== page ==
Internal Stone Wall Options

sdezigner

New Member
Hi all,

Hope everyone is well. I'm looking for advice on plastering stone walls in my place.
I have a Victorian property where all the walls (internal and external) are solid stone with thick horsehair plaster/ lime and multiple layers of wall paper. Some of the external walls are quite damp as the previous occupants never did any work to the property, neglected the pointing and the roof, resulting in lots of leaks. The internal walls are all dry, but on removing the wallpaper, a lot of the existing skim and plaster has come off so I have decided to remove it completely.
For the external walls, I am likely going to frame it out, insulate it and dryline it. I did consider having it lime plastered, but have struggled to find plasterers to do it, I know it will be expensive, and the insulation will help with the heating bills.

With the internal walls (solid stone walls between rooms), I am not really sure what to do. The options are:
Lime. (expensive and still can't find someone to do it)
Timber battens, or metal (gypliner) and drylining.
Dot and dab and skim. Easiest option, but means that you can never expose the stonework again (not that I plan to)
Sand cement. (Not)
Other?????

All rooms have really high ceilings, picture rails, and coving, some rooms have a dado rail as well. I am hoping that I can save the decorative elements, but I know in some rooms where the external walls are too damaged with damp, they will have to be redone.

I know there is no consensus on stone walls, and each property is different, but hoping you guys might have some advice on how to move forward.


Thanks,
Sam
 

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Hi all,

Hope everyone is well. I'm looking for advice on plastering stone walls in my place.
I have a Victorian property where all the walls (internal and external) are solid stone with thick horsehair plaster/ lime and multiple layers of wall paper. Some of the external walls are quite damp as the previous occupants never did any work to the property, neglected the pointing and the roof, resulting in lots of leaks. The internal walls are all dry, but on removing the wallpaper, a lot of the existing skim and plaster has come off so I have decided to remove it completely.
For the external walls, I am likely going to frame it out, insulate it and dryline it. I did consider having it lime plastered, but have struggled to find plasterers to do it, I know it will be expensive, and the insulation will help with the heating bills.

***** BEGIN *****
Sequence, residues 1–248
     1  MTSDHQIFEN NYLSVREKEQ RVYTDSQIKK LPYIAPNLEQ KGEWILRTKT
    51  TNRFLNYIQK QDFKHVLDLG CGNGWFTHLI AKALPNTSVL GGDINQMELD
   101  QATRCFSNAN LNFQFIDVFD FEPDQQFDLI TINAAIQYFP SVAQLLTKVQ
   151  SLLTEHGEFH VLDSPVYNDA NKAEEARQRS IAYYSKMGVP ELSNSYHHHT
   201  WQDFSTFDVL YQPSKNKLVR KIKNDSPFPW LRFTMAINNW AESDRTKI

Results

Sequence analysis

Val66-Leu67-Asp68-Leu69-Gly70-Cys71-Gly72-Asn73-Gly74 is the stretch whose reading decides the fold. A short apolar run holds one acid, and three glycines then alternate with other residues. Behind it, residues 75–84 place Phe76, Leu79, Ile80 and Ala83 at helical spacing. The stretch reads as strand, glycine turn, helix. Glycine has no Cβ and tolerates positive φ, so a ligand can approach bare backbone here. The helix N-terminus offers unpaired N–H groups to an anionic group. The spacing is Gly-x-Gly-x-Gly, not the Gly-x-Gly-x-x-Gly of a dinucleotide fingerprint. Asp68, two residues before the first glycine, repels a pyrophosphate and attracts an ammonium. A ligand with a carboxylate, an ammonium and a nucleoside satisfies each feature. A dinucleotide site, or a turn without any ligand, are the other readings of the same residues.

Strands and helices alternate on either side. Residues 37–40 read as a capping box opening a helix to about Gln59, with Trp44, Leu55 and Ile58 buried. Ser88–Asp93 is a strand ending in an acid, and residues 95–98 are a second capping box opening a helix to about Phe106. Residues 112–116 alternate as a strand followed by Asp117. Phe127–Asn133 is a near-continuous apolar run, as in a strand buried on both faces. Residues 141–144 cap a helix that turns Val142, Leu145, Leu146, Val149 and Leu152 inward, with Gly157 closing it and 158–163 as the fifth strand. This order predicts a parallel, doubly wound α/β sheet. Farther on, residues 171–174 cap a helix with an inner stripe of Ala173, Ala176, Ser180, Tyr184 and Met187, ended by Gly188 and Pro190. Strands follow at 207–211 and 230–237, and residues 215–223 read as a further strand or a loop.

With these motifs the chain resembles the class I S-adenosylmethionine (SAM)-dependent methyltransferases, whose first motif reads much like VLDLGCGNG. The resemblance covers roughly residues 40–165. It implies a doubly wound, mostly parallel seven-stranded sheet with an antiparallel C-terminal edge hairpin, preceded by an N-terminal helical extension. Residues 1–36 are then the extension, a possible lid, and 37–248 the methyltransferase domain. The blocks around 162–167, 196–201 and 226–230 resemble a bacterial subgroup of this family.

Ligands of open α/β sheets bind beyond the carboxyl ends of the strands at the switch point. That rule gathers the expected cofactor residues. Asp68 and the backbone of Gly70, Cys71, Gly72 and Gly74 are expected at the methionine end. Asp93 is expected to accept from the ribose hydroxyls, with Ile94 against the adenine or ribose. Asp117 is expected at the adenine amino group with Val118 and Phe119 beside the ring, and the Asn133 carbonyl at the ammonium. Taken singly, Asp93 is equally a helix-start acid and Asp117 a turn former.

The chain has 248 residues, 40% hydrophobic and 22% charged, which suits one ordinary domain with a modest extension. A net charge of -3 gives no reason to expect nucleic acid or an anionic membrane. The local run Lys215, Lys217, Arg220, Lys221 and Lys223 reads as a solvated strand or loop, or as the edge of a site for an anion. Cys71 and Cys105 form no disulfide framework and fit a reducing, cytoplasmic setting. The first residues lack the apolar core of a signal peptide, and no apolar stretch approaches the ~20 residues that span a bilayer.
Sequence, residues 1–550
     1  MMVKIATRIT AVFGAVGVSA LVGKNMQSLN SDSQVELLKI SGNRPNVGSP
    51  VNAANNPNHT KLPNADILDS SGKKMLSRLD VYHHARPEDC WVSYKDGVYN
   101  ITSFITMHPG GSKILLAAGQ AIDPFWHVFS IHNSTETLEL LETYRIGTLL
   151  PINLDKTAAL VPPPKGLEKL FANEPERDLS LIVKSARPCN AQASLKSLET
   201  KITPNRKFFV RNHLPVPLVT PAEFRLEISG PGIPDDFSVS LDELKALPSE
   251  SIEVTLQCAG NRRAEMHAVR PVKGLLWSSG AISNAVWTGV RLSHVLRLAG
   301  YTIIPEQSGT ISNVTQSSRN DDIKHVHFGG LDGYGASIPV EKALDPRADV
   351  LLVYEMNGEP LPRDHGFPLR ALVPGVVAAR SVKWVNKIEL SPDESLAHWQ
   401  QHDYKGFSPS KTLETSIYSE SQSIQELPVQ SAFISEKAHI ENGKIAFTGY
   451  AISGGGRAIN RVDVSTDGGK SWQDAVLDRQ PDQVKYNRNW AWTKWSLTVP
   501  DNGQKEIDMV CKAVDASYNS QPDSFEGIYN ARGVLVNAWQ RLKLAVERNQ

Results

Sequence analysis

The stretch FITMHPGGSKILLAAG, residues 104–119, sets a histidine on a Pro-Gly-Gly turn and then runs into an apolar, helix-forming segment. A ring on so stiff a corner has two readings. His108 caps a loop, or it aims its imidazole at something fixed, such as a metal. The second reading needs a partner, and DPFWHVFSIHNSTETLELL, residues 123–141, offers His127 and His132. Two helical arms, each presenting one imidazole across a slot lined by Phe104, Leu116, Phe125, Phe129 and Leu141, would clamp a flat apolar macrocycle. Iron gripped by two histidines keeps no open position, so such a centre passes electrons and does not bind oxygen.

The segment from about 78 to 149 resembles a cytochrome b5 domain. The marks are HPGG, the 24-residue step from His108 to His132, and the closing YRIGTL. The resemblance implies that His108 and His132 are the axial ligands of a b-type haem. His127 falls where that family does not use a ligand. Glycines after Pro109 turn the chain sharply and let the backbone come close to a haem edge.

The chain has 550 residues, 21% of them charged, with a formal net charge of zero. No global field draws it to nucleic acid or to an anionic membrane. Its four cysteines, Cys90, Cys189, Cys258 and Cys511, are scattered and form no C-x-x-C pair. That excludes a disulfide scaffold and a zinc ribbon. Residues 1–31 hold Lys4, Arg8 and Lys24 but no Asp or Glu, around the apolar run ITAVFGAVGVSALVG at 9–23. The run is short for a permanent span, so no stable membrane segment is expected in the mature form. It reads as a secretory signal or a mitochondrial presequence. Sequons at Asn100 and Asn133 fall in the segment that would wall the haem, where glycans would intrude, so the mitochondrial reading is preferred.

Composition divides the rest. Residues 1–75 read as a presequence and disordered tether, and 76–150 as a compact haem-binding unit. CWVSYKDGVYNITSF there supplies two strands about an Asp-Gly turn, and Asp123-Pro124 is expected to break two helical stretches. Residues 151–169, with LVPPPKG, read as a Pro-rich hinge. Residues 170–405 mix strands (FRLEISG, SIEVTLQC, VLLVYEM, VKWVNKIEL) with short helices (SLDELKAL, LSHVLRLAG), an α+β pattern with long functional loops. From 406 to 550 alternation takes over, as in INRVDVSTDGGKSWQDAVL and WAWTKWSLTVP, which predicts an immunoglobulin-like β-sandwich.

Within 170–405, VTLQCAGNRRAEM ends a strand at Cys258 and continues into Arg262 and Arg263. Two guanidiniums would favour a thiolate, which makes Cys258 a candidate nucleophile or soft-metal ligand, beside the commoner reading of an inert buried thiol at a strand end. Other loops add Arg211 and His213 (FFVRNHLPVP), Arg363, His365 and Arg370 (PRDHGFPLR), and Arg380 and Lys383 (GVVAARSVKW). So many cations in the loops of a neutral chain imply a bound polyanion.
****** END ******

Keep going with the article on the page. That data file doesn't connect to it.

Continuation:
With the internal walls (solid stone walls between rooms), I am not really sure what to do. The options are:
Lime. (expensive and still can't find someone to do it)
Timber battens, or metal (gypliner) and drylining.
Dot and dab and skim. Easiest option, but means that you can never expose the stonework again (not that I plan to)
Sand cement. (Not)
Other?????

All rooms have really high ceilings, picture rails, and coving, some rooms have a dado rail as well. I am hoping that I can save the decorative elements, but I know in some rooms where the external walls are too damaged with damp, they will have to be redone.

I know there is no consensus on stone walls, and each property is different, but hoping you guys might have some advice on how to move forward.


Thanks,
Sam
The lack of comments on this one shows most leople on here havnt a clue.
 
I don't think i have enough horses for all my walls..
Also walls seen a bit holy-er. Than I first thought. Got a bit of filling/making good to do first.

Internal Stone Wall Options
 
Our own house was built in the 17 or 1800s. Stone walls, no damp proofing. Had been dry lined in the 70s.

I remember one of the downstairs floors was so rotten that I gave the joist a wobble and 2 foot came off in my hand (I think they assumed the air bricks were just a unnecessary inconvenience, and blocked a number of them)

Took out all the badly done modern stuff, and did the whole downstairs in lime. Upstairs internal walls were gypsum, but any externals that I messed with, were lime again. My partner tells me we moved here about 11 years back, and the walls where you could remove the rotten skirtings without tools now show no sign of damp at all.

I seriously believe lime is a magic bullet for old places with no dpc, but drylining will hide the issue well enough, I guess. BC will want whatever the insulation is on the inside of external walls in conversions, so that rules out lime in lots of instances.
 
Our own house was built in the 17 or 1800s. Stone walls, no damp proofing. Had been dry lined in the 70s.

I remember one of the downstairs floors was so rotten that I gave the joist a wobble and 2 foot came off in my hand (I think they assumed the air bricks were just a unnecessary inconvenience, and blocked a number of them)

Took out all the badly done modern stuff, and did the whole downstairs in lime. Upstairs internal walls were gypsum, but any externals that I messed with, were lime again. My partner tells me we moved here about 11 years back, and the walls where you could remove the rotten skirtings without tools now show no sign of damp at all.

I seriously believe lime is a magic bullet for old places with no dpc, but drylining will hide the issue well enough, I guess. BC will want whatever the insulation is on the inside of external walls in conversions, so that rules out lime in lots of instances.

what about your upstairs walls lol
 
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